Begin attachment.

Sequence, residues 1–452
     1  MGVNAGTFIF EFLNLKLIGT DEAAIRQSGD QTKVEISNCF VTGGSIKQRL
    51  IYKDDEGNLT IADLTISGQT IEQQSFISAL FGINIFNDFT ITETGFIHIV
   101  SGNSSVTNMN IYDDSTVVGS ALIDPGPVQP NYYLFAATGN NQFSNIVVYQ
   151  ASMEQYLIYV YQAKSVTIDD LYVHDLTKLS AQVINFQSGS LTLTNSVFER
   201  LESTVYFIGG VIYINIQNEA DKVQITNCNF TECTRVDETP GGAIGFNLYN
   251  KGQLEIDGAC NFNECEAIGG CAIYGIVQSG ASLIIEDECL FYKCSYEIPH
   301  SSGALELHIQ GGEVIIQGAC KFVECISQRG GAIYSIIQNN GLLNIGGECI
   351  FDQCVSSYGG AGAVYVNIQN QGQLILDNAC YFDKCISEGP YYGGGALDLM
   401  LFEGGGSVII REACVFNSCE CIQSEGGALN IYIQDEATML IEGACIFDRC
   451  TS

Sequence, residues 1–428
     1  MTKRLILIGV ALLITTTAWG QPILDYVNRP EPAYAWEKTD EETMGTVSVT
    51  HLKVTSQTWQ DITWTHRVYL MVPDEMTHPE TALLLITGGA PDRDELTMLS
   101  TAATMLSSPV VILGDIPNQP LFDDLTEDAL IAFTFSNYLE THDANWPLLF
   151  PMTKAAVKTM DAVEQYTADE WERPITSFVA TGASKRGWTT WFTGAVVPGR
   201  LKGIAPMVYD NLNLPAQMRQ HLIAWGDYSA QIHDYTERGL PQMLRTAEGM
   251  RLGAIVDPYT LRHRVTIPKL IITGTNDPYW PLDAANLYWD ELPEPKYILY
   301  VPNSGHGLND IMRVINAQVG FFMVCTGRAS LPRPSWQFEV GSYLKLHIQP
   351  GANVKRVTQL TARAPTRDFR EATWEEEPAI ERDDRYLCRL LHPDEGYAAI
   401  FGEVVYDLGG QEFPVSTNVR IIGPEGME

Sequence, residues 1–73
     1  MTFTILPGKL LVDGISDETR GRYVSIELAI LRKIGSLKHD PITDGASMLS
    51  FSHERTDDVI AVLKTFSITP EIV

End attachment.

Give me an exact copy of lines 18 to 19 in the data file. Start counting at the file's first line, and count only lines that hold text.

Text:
   251  RLGAIVDPYT LRHRVTIPKL IITGTNDPYW PLDAANLYWD ELPEPKYILY
   301  VPNSGHGLND IMRVINAQVG FFMVCTGRAS LPRPSWQFEV GSYLKLHIQP